Polarizing

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    ‘The witch-hunt today at some universities tagged as recruitment centers by military officials should end with officials of the universities taking a strong stand against this open state suppression.’

    THE level of communist recruitment at UP after the declaration of martial law cannot compare with any other period that followed. The start of the iron-fisted Marcos rule led to thousands giving up home and hearth for a perilous journey into an unknown world.

    “Teach-ins” became a common sight at faculty rooms, college lobbies, corridors and canteens about a year before martial law. As a sophomore at that time, I never heard of any recruitment at UP for the armed underground struggle, except discussions on how to combat society’s ills through progressive ideas of change and reform. It was fashionable then to be openly citing Mao Tse Dung and Karl Marx as prominent influencers of the youth.

    The NPA ranks suddenly swelled with little effort from the CPP/NDF leadership, but mainly due to the disillusionment and fear foisted by martial law. Indeed, the one great distinction of the military regime that the communist leadership could not accomplish at that time was the rapid social and political polarization of the disgruntled young with the suffering masses.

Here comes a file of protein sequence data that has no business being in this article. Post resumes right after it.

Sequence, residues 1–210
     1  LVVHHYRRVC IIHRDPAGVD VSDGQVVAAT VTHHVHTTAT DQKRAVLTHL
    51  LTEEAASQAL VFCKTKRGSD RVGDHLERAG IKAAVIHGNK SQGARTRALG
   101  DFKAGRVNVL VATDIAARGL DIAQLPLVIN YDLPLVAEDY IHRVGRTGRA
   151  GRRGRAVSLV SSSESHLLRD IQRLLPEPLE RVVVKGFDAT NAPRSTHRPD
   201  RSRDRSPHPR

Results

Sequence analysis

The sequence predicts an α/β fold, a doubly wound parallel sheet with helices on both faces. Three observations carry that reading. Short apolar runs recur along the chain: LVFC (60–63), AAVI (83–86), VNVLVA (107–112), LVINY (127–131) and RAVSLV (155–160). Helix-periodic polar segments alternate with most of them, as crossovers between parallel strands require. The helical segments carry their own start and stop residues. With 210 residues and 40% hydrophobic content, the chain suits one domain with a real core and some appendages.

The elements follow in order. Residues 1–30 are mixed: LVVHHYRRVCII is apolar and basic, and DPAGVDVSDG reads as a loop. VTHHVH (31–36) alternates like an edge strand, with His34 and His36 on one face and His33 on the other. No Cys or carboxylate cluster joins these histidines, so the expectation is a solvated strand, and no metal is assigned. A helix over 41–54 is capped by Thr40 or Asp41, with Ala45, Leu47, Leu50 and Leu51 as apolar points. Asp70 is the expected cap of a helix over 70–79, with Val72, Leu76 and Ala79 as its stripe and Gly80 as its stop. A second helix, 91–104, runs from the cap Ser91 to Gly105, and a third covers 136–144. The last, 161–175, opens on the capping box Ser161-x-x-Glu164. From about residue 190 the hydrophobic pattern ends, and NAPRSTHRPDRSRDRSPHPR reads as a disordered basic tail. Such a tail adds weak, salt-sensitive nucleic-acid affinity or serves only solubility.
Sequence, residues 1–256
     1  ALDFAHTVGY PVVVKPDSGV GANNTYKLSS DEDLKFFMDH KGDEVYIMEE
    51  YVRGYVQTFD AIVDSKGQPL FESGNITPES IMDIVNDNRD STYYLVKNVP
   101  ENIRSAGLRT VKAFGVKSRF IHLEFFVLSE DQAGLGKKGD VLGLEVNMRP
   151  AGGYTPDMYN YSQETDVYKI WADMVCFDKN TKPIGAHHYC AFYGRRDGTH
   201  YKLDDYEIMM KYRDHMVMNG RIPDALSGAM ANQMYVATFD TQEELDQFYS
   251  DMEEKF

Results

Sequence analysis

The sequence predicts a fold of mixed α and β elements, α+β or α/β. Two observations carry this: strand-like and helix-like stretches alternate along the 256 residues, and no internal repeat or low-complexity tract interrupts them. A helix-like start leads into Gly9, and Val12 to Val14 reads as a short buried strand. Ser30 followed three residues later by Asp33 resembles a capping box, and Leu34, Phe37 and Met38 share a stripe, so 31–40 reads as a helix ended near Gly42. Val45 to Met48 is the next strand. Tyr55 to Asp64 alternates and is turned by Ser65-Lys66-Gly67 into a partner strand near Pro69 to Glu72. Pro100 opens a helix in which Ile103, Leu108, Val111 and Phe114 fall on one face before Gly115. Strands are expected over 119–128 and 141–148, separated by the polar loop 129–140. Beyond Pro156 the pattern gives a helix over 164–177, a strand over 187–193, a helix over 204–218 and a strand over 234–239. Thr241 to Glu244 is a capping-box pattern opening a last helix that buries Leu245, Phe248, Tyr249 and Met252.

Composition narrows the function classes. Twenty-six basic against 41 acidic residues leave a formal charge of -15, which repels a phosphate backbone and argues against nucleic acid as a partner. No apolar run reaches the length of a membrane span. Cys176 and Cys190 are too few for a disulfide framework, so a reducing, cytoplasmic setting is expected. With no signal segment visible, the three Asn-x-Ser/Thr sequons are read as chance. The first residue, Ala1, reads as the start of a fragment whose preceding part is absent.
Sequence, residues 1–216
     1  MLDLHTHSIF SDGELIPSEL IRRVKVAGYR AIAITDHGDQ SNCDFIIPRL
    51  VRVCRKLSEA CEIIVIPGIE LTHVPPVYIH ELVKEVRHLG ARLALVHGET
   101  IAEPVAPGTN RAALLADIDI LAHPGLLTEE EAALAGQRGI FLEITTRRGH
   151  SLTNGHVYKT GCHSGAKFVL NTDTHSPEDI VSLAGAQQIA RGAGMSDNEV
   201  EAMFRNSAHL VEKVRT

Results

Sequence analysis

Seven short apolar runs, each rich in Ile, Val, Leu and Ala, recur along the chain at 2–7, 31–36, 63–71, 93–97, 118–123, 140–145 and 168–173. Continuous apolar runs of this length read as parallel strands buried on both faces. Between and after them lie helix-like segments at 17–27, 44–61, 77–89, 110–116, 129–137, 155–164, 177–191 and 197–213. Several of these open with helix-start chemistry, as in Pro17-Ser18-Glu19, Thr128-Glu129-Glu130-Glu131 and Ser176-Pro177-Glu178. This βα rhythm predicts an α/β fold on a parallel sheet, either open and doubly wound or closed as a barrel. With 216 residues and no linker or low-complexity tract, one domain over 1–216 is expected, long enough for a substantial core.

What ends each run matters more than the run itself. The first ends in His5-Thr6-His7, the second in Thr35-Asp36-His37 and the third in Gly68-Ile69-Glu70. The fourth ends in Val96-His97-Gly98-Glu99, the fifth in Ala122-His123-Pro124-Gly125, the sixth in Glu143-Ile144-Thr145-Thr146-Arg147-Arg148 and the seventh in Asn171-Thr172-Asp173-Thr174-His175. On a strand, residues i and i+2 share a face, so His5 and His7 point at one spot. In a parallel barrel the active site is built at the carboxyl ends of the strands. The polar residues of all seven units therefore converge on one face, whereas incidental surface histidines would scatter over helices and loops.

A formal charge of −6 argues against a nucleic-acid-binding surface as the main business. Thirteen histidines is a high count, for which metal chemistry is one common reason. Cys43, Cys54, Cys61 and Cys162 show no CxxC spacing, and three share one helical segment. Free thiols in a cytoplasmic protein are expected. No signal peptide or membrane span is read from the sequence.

The witch-hunt today at some universities tagged as recruitment centers by military officials should end with officials of the universities taking a strong stand against this open state suppression. The alternative to the uncertain credibility of an agitated government will likely heighten dissent and dissatisfaction.

    President Duterte should take to heart the hard lessons from the protracted insurgency war here instead of allowing his remaining months in power to be clouded in further social and political instability and gloom. Will his legacy include polarizing additional sectors of the national society?

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    TV news anchor Joyce Burton-Titular’s battle with COVID-9 was an example of inner strength buttressed by a superior strength that dawned in her as the way out of the deadly disease. After having visions of travels and destinations she had longed for, she was suddenly struck with realizing that God Our Creator should be the only One who really matters, above all, and not His beautiful creation.

    Joyce, also a 700 Club co-host on GMA 7, abandoned her cares and distressing thoughts that have kept her distant from God initially during her sickness, and instead indulged in a personal and intimate fellowship with Jesus who, she was sure, would never leave or forsake her. Her healing began after she embraced the truth that Jesus is her life.